Seems like the thinking for a shorter workweek would be a good way to deal with the worry about economic growth harming the environment. Maybe we can still grow and progress toward a higher quality of life by just figuring out how to give people more free time. Hurray for the 3 day weekend. Civilization can still move forward. It just has to progress toward more quality of life rather than greater consumption. Seems like preserving the concept of progress is important to most people, including myself. Who wants to just stagnate?

Of course some folks would say that environmental constraints on the economy are not absolute. The economy does find ways to substitute and do business even when limits are reached. For instance, rather than constrain oneself with limits on natural fisheries, just build fish farms and grow a lot more salmon than was ever available before.

More than a few environmentalists will cringe here.

But still, the world is full of examples of new technologies and innovations that allow economic output to continue growing inspite of perceived limits. This factor also tends to make the shorter workweek a less popular idea among more than a few economists.

Still, I like the idea of having more time. It's a quality of life issue. Having more time is a way to improve the economy without necessarily having to always grow the economy.

Freight train going by as I write this blog post on a sunny day in Boulevard Park.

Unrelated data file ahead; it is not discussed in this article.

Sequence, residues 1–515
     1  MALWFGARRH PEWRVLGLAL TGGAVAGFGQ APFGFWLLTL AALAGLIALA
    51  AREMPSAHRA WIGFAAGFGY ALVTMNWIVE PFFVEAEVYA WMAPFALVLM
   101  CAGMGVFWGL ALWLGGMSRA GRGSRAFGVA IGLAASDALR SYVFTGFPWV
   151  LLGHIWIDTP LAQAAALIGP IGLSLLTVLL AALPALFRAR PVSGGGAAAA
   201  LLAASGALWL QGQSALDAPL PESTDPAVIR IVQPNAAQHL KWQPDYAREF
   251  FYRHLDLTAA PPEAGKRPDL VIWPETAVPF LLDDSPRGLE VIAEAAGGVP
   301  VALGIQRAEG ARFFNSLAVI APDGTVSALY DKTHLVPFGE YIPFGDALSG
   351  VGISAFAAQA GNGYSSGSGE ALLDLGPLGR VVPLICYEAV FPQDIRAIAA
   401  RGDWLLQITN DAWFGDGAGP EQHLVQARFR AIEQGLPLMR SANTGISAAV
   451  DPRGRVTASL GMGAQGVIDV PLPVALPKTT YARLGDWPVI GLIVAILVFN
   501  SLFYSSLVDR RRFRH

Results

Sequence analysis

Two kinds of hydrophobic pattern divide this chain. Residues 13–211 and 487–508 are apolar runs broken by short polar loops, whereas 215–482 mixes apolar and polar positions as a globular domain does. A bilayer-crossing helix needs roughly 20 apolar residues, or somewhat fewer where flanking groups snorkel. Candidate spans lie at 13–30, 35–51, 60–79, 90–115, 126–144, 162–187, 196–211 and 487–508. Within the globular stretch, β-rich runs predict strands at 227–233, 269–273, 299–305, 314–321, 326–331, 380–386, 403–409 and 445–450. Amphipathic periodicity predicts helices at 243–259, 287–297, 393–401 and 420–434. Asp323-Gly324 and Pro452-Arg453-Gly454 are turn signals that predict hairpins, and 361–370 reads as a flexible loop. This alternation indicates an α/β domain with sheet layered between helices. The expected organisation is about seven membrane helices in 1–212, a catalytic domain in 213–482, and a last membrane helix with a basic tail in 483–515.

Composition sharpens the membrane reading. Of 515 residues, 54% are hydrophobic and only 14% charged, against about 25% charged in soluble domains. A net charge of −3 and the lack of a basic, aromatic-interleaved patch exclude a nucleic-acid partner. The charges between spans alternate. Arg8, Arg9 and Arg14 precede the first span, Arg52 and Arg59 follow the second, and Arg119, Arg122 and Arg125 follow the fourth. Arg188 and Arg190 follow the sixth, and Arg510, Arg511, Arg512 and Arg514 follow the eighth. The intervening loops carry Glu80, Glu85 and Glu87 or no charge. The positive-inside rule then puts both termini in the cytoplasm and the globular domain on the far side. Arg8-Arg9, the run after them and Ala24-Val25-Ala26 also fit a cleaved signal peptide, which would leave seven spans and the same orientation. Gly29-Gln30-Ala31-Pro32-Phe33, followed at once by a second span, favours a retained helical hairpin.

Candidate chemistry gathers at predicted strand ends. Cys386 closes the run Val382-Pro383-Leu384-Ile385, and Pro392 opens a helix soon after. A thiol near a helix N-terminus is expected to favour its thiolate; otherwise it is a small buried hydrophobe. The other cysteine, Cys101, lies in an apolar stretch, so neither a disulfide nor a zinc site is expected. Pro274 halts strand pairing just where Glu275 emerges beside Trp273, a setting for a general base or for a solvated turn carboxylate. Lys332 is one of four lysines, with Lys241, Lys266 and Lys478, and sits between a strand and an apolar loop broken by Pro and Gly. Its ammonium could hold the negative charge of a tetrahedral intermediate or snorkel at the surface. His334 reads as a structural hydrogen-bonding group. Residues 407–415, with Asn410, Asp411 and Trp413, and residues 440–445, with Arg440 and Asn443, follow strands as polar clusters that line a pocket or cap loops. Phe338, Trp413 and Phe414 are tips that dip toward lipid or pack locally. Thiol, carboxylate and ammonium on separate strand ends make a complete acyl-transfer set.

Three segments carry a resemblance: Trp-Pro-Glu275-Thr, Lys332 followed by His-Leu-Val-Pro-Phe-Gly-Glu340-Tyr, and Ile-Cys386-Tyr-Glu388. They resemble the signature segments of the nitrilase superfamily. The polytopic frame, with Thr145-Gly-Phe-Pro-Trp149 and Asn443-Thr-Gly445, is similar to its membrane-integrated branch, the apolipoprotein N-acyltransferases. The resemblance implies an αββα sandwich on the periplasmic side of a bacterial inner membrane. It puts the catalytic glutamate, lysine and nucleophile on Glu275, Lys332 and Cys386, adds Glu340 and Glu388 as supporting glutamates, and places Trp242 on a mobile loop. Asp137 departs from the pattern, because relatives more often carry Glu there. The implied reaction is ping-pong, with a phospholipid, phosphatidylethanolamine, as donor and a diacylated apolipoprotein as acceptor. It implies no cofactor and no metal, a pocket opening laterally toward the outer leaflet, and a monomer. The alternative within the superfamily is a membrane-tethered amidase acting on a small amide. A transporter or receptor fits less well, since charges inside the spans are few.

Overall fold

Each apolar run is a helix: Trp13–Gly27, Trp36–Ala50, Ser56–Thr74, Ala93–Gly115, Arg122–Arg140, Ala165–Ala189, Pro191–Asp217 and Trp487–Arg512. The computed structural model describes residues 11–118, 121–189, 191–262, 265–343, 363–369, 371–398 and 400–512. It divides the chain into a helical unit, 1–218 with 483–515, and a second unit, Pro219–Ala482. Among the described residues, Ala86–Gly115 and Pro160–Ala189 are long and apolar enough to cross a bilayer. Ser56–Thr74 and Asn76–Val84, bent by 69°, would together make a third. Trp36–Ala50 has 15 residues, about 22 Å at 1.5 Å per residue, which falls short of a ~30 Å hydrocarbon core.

When the downturn is related to soft markets, rather than environmental constraints, a shorter workweek could be seen as exasurbaing the problem. Paying folks even less money to participate in the market. I just read that California is asking many of it's state workers to cut back to a 4 day workweek. Why? To conserve, not the environment, but the state budget. Seems like fiscal conservatism and environmental conservation have some things in comon. Limits. In the case of the state budget, it's a limited amount of money. Limits inspite of the fact that less government spending can put a damper on economic growth as state workers are a big part of the market that shops in private business. When there's a shortage of revenue, states can't just print money. In the long run, states have to balance their budgets.

The Federal government, and the Federal Reserve banking system can print money; so to speak. This gets into the arguements about fiscal stimulus versus a more "low growth" approach. We can print money, but there is the downside that printing money can lead to inflation.